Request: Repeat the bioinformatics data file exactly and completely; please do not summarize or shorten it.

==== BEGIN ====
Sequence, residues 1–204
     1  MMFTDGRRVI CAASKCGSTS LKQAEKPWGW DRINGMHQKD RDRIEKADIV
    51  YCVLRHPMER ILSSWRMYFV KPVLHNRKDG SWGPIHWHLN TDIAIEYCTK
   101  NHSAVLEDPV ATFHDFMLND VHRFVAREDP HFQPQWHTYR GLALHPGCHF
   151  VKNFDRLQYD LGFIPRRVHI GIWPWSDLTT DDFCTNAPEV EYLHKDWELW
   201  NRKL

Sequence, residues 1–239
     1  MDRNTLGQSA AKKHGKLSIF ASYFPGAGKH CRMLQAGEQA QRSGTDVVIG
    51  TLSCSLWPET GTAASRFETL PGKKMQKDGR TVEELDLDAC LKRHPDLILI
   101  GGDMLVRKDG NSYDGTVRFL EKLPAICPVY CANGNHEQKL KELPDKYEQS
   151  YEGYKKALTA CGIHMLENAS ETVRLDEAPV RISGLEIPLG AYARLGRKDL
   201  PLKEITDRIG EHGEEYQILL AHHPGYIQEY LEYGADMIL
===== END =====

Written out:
Sequence, residues 1–204
     1  MMFTDGRRVI CAASKCGSTS LKQAEKPWGW DRINGMHQKD RDRIEKADIV
    51  YCVLRHPMER ILSSWRMYFV KPVLHNRKDG SWGPIHWHLN TDIAIEYCTK
   101  NHSAVLEDPV ATFHDFMLND VHRFVAREDP HFQPQWHTYR GLALHPGCHF
   151  VKNFDRLQYD LGFIPRRVHI GIWPWSDLTT DDFCTNAPEV EYLHKDWELW
   201  NRKL

Sequence, residues 1–239
     1  MDRNTLGQSA AKKHGKLSIF ASYFPGAGKH CRMLQAGEQA QRSGTDVVIG
    51  TLSCSLWPET GTAASRFETL PGKKMQKDGR TVEELDLDAC LKRHPDLILI
   101  GGDMLVRKDG NSYDGTVRFL EKLPAICPVY CANGNHEQKL KELPDKYEQS
   151  YEGYKKALTA CGIHMLENAS ETVRLDEAPV RISGLEIPLG AYARLGRKDL
   201  PLKEITDRIG EHGEEYQILL AHHPGYIQEY LEYGADMIL